Embracing Utah’s Embrace of Consensual Non-monogamy

Consensual non-monogamy, that is romantic relationships with multiple partners,  has long been a prime candidate for the next battleground in America’s on-going culture wars. The issue got an unexpected push from the traditionally conservative state of Utah, whose Republican-dominated Senate recently voted unanimously on a bill that would remove the threat of imprisonment for polygamy.

Utah has an unusual relationship with this issue, being largely settled by members of the Church of Jesus Christ of Latter Day Saints and its off-shoots. The church permitted, and indeed encouraged its male members to marry multiple women in early days, but years later banned the practice and excommunicated those who engaged in it. Fundamentalist Mormon sects still engage in the practice and some 30,000 people are believed to live in polygamous communities in Utah. Unfortunately this practice has often been coercive, with young girls forced to marry much older men.

The Utah legislature has justified the decriminalization of polygamy as a means of making it easier for such abuses to be reported, while maintaining punishment for such related crimes as coerced marriage. Indeed, decriminalization of previously illegal activity does help to curtail it’s more harmful features. As with restrictions on drugs, immigration and more infamously alcohol, prohibition leads to black markets which are often plagued with violence as those involved have no legal recourse for addressing wrongs done to them.

This is largely a move in a positive direction and it is relevant to much less conservative communities than traditionalist Mormons in Utah. Consensual non-monogamy, or polyamory is a growing lifestyle, with countless variants, and the laws of a free society should not interfere with the wide range of relationships people form.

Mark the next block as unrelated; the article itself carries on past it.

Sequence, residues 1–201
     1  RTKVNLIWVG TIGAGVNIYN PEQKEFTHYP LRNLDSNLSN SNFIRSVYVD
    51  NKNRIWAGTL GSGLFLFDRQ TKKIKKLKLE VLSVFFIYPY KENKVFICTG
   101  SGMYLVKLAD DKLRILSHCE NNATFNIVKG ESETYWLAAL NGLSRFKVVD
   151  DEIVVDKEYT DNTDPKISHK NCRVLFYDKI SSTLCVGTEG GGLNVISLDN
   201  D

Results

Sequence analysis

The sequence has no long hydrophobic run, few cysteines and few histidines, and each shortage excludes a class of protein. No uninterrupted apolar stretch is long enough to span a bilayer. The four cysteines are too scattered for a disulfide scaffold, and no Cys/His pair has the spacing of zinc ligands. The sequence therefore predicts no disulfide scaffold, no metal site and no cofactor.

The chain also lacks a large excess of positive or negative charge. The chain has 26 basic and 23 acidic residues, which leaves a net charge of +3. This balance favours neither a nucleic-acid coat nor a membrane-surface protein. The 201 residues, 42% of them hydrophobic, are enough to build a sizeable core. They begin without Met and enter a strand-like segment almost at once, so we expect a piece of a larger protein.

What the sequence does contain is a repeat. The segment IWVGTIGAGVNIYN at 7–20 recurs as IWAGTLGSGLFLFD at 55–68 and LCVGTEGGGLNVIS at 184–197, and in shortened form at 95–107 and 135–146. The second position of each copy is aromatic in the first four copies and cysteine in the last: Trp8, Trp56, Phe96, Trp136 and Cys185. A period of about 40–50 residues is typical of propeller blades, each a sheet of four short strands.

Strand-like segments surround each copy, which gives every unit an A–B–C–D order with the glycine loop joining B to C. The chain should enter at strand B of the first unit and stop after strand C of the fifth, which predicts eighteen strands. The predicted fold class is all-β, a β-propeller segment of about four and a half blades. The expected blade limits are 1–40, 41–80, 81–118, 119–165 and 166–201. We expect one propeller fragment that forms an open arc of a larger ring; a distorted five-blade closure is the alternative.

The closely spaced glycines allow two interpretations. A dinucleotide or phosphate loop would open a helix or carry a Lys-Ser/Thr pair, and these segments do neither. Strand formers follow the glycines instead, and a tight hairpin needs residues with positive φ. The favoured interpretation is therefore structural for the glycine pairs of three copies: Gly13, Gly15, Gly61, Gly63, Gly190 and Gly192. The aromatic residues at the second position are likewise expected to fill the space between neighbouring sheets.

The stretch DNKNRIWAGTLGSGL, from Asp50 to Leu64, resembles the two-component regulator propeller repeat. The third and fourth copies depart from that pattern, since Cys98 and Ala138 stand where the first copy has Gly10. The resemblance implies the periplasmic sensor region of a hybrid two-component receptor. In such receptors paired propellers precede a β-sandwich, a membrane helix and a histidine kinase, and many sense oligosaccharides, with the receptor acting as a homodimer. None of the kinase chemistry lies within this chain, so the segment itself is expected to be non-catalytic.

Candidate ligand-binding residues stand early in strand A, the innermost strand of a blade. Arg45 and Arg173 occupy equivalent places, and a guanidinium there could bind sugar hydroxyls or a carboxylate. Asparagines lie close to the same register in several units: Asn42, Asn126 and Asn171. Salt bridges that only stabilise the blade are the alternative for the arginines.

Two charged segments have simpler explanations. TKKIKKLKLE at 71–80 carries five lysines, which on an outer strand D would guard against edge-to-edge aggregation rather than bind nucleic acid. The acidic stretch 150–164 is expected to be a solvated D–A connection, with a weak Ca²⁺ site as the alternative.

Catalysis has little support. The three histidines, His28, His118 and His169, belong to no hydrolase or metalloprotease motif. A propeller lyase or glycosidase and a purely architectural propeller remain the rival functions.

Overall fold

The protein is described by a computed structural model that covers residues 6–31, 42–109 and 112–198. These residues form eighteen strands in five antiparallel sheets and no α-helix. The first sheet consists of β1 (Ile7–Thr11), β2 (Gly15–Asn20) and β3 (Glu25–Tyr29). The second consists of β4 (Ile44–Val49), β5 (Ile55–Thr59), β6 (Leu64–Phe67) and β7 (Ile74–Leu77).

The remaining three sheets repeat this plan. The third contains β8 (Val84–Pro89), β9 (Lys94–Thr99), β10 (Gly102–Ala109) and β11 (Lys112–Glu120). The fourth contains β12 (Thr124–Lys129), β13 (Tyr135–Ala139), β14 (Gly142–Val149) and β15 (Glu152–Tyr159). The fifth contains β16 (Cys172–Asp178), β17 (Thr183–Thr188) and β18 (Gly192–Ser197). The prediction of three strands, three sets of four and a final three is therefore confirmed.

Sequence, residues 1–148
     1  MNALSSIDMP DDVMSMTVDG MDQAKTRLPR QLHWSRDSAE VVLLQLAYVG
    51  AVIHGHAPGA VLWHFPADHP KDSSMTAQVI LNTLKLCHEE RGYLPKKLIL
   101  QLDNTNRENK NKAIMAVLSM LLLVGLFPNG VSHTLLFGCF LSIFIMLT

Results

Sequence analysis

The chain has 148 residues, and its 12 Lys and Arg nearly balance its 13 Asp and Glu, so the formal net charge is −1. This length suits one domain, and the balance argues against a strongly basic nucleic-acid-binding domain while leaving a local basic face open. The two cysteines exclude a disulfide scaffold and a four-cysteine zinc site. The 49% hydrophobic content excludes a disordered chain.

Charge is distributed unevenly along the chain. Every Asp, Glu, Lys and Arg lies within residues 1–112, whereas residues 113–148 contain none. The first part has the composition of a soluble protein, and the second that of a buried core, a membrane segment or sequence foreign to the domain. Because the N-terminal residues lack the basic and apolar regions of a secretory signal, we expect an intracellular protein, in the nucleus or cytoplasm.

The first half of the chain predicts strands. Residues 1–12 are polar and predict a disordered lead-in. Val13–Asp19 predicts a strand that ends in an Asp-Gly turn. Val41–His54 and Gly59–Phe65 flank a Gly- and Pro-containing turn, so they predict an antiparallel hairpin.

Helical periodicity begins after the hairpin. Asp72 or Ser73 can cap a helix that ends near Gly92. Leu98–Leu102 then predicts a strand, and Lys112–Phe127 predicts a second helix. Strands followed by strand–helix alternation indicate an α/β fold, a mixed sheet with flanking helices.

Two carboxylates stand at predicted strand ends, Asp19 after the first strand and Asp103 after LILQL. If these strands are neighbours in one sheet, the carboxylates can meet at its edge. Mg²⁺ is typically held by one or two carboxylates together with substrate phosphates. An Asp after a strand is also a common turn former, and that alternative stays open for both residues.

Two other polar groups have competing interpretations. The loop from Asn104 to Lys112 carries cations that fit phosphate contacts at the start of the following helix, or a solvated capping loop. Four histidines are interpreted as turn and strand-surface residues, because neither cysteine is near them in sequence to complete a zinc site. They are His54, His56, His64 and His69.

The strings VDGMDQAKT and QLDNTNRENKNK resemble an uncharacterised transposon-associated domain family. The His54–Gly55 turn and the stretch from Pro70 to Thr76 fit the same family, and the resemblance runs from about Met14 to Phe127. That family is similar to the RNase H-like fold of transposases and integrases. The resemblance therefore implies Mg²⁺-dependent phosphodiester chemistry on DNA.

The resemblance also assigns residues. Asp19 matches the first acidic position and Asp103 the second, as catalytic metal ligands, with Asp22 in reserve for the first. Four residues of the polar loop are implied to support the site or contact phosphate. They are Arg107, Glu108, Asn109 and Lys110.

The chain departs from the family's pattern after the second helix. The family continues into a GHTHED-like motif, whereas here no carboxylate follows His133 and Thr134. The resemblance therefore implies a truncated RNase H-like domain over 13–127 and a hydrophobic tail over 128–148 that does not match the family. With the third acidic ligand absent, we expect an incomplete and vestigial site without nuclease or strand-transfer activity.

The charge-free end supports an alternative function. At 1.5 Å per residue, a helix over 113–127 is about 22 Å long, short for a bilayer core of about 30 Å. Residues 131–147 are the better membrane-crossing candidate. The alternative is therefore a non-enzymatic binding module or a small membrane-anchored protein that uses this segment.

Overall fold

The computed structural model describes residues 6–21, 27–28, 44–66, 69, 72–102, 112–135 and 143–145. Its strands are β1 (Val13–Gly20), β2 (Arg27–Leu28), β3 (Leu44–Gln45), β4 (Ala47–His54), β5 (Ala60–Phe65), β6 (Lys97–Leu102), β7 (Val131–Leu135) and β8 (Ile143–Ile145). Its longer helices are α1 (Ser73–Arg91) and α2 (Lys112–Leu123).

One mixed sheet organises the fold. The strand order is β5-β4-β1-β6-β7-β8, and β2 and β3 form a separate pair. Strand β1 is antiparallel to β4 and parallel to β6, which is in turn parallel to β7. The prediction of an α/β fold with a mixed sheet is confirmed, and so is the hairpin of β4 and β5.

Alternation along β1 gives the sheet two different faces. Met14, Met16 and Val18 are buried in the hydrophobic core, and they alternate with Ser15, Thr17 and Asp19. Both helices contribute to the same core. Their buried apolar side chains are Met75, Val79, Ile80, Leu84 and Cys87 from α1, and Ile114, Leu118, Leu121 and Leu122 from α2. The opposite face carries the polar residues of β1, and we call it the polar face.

Ultimately the state should get out of the business of who should and should not get married as this should be a social institution between individuals, and their religious organizations, if they so choose. US law grants married couple’s numerous taxation, immigration, inheritance, Social Security and death benefits. Consenting individuals making their own choices, and facing the consequences of their actions will ultimately make the decisions that work best for them. By heaping benefits on some forms of relationships the state engages in a form social engineering that does not adhere to the values of a free society.

An unfortunate aspect of the discourse surrounding Utah’s new bill is the emphasis on men with multiple wives. While the bill applies to all genders, there has been little discussion about the freeing of women to have multiple husbands, or different combinations of the same or both sexes. The possibilities are limitless, and it’s time for the law to reflect this.

This increase in freedom is a positive step, that hopefully spreads throughout the US. It is always a welcome change when the state moves away from intruding into the personal lives of consenting adults. Sadly the same Utah Legislature went the opposite direction concerning adult entertainment. At the end of the day the state is an institution rightly associated with corruption, violence, and clumsy heavy-handedness. The less of our lives it touches the better.

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